Pound sheds some earlier gains as May wins confidence vote

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Pound sheds some earlier gains as May wins confidence vote

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The pound has slipped back from its highs of earlier on Wednesday even though Prime Minister Theresa May won the vote of confidence in her leadership.

After the result, it dipped to $1.2603, having hit a high of $1.2672 earlier.

Of the the 317 Conservative MPs, 200 backed the prime minister, but 117 voted against her.

XTB Online Trading said the “far from comprehensive victory” had caused “some selling in the markets”.

Chief market analyst David Cheetham said the pound had erased some of its earlier gains and headed back lower.

However, the pound subsequently recovered ground and is still 1.14% up on the day against the dollar at $1.2635 and about 0.7% ahead against the euro at €1.1109.

‘Not absolute disaster’

Currency traders had expected Mrs May to win the confidence vote, and the pound traded ahead for much of Wednesday.

CIBC’s head of foreign exchange strategy, Jeremy Stretch, described the outcome of the confidence vote as “not a great result but not an absolute disaster”.

He said the pound had not got near to $1.27 against the dollar and the “scale of the win has for now limited [the pound’s] impetus”.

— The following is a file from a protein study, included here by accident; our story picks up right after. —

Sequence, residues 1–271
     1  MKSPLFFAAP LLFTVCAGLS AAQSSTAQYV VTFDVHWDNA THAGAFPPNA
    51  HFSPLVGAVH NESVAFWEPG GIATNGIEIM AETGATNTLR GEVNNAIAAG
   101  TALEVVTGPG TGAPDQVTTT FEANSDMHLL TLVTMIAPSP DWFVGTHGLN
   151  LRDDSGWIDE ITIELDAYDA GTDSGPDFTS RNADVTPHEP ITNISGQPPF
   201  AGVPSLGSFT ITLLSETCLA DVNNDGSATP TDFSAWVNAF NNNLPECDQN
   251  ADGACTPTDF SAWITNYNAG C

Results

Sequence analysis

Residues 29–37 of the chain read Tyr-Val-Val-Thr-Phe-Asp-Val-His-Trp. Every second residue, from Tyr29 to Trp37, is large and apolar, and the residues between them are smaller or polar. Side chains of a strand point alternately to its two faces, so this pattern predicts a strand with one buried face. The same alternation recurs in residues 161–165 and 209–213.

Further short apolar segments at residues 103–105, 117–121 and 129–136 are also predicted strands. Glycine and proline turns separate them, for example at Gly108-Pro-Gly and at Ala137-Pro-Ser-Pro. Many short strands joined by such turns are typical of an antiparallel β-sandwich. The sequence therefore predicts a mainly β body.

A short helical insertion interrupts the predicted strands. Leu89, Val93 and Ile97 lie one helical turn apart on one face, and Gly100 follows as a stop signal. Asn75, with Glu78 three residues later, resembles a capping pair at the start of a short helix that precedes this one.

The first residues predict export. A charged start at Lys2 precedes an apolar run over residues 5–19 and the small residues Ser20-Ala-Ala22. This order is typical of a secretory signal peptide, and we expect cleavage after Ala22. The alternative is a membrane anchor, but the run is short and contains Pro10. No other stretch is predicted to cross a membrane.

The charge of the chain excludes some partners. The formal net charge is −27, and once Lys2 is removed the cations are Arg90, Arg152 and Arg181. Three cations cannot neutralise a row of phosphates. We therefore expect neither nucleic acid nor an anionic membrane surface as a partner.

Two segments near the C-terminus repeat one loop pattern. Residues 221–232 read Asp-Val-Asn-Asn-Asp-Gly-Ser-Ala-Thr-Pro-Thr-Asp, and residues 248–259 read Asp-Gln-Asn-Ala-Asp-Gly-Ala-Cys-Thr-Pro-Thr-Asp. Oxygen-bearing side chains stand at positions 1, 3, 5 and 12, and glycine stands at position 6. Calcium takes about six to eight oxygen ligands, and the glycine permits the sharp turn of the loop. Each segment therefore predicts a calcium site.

The challenge to Mrs May was brought by Conservative MPs who said Mrs May’s deal with the EU had watered down the Brexit that voters were promised in the 2016 referendum.

Her decision to cancel Tuesday’s parliamentary vote on the deal prompted them to back a no confidence vote.

‘Increasingly implausible’

Mrs May had meetings with European leaders on Tuesday, seeking support for changes to her Brexit deal in a last-ditch bid to save it. She will discuss further changes at an EU summit on Thursday.

The European Union has ruled out renegotiating the divorce agreement.

Parliament is set to vote on a deal before 21 January.

XTB’s Mr Cheetham said: “Given that more than a third of her own party voted against her it seems increasingly implausible that she will get the requisite backing in Parliament to push through her deal.

“The result leaves the overall level of uncertainty at unprecedented heights – something that doesn’t bode well for the pound,” he added.


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